United Way Supports Birmingham Civil Rights Institute Community of Reading Program and young superhero

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Meet Ethan Hill and his parents David and Ebony Hill. Photo by Pat Byington for Bham Now

Birmingham, let me introduce you to a 9-year-old reader, superhero and budding philanthropist. His name is Ethan Hill.

This past weekend, I met Ethan and his family at the Birmingham Civil Rights Institute Community of Readers program that was held in conjunction with the United Way of Central Alabama. He had been chosen to read the book Superheroes Like Me by Kimberly Brown Pellum for Black History Month.

United Way Young Philanthropist Ethan Hill reading Superheroes Like Me.. Photo courtesy of United Way
In photo: United Way’s Samuetta Nesbitt, Birmingham Civil Rights Institute’s Charles Woods, III and his daughter

A Passion to help others

A caring fourth-grader, Ethan is kindhearted, and a champion for justice.

According to his mother Ebony, about three years ago, Ethan met a homeless man. He wanted to help, so he bought food, a tarp and things to support the gentleman during a difficult time.

After he helped one person, Ethan started raising money and began giving away care packages to the homeless and families in need throughout Birmingham.

“It started with one person,” said Ebony. “Then it turned into 25 people. This year, we’ve given away up to 200 care packages to homeless people and families in need!”

United Way of Central Alabama approached Ethan’s mother about speaking to children his age about giving back to their communities.

Gathering of the Community of Readers at the Birmingham Civil Rights Institute on February 22, 2020. Photo courtesy of United Way of Central Alabama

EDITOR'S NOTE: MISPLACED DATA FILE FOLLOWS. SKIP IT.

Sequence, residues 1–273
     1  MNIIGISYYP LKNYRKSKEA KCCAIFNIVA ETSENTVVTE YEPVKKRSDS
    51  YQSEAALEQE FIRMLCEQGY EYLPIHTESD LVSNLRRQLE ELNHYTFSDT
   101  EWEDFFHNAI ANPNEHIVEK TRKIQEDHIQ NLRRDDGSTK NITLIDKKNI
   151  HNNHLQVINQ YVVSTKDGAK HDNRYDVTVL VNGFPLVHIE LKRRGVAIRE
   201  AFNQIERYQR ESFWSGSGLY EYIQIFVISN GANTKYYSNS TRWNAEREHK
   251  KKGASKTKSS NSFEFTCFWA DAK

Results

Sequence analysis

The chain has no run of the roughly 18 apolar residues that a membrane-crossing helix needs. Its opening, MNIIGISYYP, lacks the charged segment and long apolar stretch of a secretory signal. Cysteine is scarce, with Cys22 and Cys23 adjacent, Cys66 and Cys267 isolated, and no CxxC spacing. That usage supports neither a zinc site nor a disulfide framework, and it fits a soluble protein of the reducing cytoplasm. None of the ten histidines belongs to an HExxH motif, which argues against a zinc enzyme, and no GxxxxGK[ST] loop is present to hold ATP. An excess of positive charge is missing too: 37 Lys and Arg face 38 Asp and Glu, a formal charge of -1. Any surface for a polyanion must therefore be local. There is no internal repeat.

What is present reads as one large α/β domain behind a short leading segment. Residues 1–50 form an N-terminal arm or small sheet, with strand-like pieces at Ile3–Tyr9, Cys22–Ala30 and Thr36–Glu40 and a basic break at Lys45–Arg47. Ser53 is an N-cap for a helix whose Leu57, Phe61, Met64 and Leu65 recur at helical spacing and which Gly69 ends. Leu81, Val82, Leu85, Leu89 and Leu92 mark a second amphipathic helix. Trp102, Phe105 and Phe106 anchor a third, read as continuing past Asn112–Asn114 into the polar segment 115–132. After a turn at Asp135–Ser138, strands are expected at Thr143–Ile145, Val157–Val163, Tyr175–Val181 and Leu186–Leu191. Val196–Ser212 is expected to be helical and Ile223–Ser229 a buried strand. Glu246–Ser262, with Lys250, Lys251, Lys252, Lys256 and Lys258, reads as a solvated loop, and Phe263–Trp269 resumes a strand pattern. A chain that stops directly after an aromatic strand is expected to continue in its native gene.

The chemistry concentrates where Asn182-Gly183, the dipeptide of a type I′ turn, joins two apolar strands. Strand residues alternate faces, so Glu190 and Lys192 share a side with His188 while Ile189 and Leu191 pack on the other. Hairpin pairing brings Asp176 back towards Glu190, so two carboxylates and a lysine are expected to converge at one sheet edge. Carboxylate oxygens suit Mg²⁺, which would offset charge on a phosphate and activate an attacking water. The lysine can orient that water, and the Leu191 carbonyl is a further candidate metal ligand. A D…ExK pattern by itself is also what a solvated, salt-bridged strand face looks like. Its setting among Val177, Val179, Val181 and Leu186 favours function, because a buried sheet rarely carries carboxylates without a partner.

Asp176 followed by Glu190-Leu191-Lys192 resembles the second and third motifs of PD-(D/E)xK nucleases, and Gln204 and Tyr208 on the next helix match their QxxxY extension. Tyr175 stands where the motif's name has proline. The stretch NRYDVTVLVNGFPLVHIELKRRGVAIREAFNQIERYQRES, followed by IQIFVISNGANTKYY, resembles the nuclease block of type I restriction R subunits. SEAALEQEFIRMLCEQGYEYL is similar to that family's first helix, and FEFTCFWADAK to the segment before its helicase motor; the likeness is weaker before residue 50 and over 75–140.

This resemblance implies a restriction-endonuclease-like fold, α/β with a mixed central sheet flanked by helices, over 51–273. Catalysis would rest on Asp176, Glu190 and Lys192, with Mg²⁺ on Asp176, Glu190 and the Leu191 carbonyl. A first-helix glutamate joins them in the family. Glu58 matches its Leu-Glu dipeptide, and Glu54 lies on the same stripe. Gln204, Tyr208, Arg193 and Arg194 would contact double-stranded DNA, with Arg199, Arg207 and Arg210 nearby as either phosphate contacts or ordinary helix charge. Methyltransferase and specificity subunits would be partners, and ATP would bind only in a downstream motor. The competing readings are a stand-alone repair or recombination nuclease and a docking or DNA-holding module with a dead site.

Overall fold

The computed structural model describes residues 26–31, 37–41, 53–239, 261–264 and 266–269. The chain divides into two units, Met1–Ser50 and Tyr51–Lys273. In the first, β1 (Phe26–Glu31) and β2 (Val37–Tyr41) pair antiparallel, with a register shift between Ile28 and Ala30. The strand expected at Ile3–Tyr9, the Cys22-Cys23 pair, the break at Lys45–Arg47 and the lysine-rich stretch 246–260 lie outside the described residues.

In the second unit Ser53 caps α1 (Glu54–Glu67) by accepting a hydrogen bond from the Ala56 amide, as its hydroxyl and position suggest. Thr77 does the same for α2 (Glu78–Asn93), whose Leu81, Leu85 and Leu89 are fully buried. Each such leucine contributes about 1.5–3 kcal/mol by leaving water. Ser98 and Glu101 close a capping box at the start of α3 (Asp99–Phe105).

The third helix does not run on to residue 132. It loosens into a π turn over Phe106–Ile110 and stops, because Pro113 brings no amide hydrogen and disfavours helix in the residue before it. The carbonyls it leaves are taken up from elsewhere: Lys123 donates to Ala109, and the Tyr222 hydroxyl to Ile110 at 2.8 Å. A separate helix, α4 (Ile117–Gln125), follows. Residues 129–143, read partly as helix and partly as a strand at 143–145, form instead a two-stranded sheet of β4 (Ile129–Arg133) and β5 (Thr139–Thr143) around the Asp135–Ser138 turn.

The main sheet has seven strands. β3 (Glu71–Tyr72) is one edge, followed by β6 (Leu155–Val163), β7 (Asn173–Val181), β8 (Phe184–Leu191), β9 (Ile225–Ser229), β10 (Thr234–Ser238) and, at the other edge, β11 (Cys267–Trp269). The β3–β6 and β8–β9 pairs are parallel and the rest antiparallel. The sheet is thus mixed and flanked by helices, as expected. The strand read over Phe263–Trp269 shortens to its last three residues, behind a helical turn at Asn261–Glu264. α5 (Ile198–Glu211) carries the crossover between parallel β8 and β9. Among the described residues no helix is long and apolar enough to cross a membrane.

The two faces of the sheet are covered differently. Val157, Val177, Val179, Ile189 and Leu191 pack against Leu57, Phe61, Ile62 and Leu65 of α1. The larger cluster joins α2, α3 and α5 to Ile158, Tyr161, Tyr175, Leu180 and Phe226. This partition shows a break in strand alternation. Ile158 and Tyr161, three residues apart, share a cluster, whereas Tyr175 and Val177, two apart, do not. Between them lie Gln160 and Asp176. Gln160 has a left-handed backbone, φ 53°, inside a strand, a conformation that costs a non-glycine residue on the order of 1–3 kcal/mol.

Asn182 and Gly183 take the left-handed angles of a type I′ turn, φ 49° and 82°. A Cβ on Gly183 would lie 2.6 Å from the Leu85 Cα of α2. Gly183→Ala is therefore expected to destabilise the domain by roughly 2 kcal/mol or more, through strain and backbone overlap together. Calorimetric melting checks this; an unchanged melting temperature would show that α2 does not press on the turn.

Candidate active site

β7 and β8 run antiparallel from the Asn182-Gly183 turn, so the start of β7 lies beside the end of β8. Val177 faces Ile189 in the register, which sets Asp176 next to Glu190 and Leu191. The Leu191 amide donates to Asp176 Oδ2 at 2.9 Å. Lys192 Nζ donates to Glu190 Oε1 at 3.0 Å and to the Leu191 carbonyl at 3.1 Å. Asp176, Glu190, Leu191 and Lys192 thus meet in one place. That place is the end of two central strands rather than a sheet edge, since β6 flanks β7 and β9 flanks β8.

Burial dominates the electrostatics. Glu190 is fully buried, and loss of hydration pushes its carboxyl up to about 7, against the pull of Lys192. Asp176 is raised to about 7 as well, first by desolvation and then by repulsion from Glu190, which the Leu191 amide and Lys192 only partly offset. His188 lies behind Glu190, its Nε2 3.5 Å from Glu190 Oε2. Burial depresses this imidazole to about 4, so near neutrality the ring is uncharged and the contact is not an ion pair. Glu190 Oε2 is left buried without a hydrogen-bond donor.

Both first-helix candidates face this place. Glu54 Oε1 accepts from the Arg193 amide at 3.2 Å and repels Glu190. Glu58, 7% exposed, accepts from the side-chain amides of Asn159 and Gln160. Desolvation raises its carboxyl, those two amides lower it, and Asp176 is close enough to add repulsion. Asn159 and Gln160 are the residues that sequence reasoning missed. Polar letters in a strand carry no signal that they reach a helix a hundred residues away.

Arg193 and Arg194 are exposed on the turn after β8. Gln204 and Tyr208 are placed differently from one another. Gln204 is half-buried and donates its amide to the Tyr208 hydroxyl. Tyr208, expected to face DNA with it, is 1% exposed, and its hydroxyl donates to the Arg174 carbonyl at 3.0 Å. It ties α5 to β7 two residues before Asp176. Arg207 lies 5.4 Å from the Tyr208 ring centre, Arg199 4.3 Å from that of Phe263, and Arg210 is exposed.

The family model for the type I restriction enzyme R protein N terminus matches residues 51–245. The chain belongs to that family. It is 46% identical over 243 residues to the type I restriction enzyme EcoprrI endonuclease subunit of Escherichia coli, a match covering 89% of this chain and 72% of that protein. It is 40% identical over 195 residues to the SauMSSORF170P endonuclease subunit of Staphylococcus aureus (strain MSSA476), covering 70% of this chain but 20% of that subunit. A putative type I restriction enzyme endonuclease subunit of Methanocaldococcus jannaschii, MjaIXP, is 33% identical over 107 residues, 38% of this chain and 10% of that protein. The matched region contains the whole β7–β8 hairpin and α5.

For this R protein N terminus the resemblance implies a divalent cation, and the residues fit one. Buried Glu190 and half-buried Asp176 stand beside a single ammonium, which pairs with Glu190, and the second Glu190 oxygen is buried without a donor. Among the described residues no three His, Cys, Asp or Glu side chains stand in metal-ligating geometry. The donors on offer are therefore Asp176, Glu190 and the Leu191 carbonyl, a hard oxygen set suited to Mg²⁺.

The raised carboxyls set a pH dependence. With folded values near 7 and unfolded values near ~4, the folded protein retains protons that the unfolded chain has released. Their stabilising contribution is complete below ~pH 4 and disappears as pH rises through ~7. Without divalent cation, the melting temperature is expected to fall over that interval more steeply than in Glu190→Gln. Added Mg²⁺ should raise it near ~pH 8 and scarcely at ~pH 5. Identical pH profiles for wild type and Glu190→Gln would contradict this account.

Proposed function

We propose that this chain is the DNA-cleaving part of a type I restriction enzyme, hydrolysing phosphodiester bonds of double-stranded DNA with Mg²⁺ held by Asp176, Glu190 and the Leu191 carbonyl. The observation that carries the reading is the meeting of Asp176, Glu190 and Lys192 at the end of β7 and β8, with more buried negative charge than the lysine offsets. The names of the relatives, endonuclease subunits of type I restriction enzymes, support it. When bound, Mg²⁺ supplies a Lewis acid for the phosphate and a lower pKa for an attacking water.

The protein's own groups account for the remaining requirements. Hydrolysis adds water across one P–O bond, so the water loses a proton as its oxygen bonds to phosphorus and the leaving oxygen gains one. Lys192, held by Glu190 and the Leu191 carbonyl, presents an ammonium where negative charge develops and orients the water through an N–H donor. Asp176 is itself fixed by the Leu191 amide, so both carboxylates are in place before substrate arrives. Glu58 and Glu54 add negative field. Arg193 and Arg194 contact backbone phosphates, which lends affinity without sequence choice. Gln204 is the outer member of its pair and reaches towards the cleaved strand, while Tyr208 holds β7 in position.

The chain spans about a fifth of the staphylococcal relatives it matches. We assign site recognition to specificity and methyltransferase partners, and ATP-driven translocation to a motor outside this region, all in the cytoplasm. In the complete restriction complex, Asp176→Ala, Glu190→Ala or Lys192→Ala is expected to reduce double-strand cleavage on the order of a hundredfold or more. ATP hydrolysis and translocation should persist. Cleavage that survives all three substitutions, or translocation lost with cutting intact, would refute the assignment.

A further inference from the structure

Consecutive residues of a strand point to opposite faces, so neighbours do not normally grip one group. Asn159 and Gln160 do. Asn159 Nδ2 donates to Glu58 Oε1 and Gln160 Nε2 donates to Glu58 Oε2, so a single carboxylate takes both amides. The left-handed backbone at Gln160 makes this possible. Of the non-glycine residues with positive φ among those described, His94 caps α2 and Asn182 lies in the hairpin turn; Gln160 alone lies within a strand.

“We found out about Ethan and his platform and immediately identified him as a future philanthropist,” said United Way’s Samuetta Nesbitt, Sr. VP Public Relations.

“We wanted him to tell other children his age that you don’t have to be an adult. You don’t have to be rich. You don’t have to be anything but yourself and find a cause you like, to help other people. Because United Way is in the business of helping people in need, we want Ethan to inspire young people to do whatever they can, no matter how small. We want more Ethans.”

Charles Woods, III, with the Birmingham Civil Rights Institute added:

“He has become a little superhero, helping people in need, which is what a superhero does.”

Gathering of the Community of Readers at the Birmingham Civil Rights Institute on February 22, 2020. Photo courtesy of United Way of Central Alabama

He is my hero

When asked what he wants to do when he grows up, Ethan told me he wants to run a non-profit business that helps people.

He’s well on his way.

And his biggest backers are his loving family. Ethan’s dad, David Hill summed up his feelings best.

“I’m proud of him. He is my hero.”

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  • Longtime conservationist. Former Executive Director at the Alabama Environmental Council and Wild South. Publisher of the Bama Environmental News for more than 18 years. Career highlights include playing an active role in the creation of Alabama's Forever Wild program, Little River Canyon National Preserve, Dugger Mountain Wilderness, preservation of special places throughout the East through the Wilderness Society and the strengthening (making more stringent) the state of Alabama's cancer risk and mercury standards.